I forget how this book ended up in my library. Probably picked up while killing time at a train station or airport. That’s where I mostly seem to buy this kind of lightweight non-fiction. My brain is too tired for the imagination required of a novel or the attention required of more in-depth non-fiction.
How to Speak Money by John Lanchester is a dictionary of terms used about money in the media and by the financial services industry. It’s a handy think to have because many of those terms are difficult to grasp and the meaning of them quite technical. Reading this book will give you a better understanding of what people mean by such things as inflation, equities and hedge funds, or downsizing and rent. There’s some historical context given in the entries about Keynes, Friedman and Marx, and a long introduction that describes what’s happened in economics and finance in the last century or so.
What I found interesting was Lanchester’s focus on the amount of reversification used in the language used to talk about money. Reversification is a word coined by Lanchester for when a term is used to describe the opposite of their initial sense, often deliberately in order to obscure what’s really happening. An example is ‘credit’, which really means ‘debt’. We were brought up to believe debt was a bad thing and people don’t want more of it, but if you rename it credit it sounds like a good thing that you want more of.
It’s bit dry. Lanchester’s writing is quite witty and snarky but there’s only so much he can do with the material. But it is informative and enlightening and well worth reading if you want to understand money and economics a bit more.
I read Fools and Mortals by Bernard Cornwall because it was my employer’s Book Club read. I was fairly excited as I like Cornwall’s books. Or at least, most of them. I loved the Winter King’s series, the Sharp series and the Last Kingdom series.
Fools and Mortals is about William Shakespeare’s younger brother Richard, his quest to graduate from playing female characters to playing male leads, and the intrigue between the theatres in Elizabethan England. A play is stolen, Richard is suspected and he must get the play back to prove his innocence.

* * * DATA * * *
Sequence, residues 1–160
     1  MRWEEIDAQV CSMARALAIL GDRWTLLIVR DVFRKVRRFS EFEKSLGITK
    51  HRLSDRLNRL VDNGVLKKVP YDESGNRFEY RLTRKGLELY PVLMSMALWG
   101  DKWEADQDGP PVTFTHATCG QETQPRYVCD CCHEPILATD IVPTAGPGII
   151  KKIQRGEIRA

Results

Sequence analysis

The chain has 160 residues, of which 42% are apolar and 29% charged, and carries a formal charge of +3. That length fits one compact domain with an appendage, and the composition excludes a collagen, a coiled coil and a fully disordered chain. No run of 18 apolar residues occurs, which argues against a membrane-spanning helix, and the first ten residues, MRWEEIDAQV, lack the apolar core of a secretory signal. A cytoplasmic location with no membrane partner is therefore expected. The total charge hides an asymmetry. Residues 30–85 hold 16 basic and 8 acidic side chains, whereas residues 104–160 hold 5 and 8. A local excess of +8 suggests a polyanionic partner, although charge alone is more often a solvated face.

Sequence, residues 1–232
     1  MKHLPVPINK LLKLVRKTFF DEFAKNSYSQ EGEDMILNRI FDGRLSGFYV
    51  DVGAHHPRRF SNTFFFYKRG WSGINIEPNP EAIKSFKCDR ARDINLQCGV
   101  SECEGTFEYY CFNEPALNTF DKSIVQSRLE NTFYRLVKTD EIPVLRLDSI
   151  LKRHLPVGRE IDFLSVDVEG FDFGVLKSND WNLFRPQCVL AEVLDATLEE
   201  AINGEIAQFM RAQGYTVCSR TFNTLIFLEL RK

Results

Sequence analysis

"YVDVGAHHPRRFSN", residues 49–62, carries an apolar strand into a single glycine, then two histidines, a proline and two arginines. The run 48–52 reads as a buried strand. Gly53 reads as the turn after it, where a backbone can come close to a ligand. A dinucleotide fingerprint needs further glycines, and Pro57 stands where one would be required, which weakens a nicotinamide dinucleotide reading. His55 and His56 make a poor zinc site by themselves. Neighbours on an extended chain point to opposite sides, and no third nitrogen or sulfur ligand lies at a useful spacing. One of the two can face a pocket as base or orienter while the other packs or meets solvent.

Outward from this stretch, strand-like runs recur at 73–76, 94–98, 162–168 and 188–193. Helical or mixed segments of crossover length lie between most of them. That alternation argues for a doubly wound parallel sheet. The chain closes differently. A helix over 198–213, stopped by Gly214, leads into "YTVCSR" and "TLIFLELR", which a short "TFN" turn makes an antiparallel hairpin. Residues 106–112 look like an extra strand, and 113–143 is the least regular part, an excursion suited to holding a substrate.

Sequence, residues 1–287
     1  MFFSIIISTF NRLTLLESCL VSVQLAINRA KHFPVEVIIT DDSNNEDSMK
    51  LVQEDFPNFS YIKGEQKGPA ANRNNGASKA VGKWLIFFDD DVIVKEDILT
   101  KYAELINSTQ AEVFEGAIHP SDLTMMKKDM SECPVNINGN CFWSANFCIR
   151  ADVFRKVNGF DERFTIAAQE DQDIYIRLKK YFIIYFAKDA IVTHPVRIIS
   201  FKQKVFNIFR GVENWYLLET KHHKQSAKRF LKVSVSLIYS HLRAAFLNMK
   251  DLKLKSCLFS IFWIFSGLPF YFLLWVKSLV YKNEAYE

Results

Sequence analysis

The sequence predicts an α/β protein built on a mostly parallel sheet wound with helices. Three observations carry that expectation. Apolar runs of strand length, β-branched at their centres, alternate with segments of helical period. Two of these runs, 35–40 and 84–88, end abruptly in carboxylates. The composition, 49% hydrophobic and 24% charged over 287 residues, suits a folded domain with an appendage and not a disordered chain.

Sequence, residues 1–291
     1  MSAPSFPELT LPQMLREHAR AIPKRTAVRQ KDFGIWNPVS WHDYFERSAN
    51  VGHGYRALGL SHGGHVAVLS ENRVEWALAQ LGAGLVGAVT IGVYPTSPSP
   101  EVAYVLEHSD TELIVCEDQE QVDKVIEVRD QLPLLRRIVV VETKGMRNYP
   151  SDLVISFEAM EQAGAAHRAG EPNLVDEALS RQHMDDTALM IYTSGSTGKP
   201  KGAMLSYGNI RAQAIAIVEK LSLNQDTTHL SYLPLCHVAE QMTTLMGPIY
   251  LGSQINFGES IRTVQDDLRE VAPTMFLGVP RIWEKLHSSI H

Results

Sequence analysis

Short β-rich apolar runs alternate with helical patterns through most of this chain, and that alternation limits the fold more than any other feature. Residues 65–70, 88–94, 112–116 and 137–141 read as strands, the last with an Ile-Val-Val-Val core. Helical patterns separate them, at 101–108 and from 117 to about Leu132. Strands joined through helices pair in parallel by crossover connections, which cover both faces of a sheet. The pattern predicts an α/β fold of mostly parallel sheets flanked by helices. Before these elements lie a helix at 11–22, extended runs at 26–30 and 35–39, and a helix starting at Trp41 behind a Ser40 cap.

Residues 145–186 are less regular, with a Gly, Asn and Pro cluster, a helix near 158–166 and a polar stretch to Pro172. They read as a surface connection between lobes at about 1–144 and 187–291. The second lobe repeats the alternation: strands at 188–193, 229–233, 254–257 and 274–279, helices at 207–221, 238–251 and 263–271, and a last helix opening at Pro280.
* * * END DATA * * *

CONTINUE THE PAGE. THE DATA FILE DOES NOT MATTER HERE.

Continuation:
It was okay. It was a light, easy read. Maybe I had high expectations but I didn’t think this was Cornwall at his best. The plot was a bit obvious and the writing not great. The main character wasn’t very likeable, but, it occurs to me most of Cornwall’s protagonists are arrogant and reckless, so Richard Shakespeare fits the mold. It’s just that there’s nothing engaging to go along with that.
There’s a few pages at the end talking about the historical basis for the story which is quite interesting. The setting is brought to life really well with lots of little details of Elizabeth England.
The Sutton Hoo Helmet is the second of the British Museum Objects in Focus series that I’ve read. There’s seven of them in the series so far.
It is an in-depth look at an iconic object in the Museum’s collection, and is another of my favourites. The Sutton Hoo helmet is a finely crafted helmet, both fully functional as armour and exquisitely decorated with gold and garnet.
The book talks about the excavation of Sutton Hoo, which was not straightforward, and the effort involved in discovering the treasure hoard. The helmet was in many tiny pieces and putting it together took years. Indeed the first attempt was later decided to be wrong and it had to be taken apart, carefully, and reconstructed again. Putting the helmet in context with similar finds across Northern Europe, based on the decoration and shape, gave the scientists a better idea of what it would have looked like.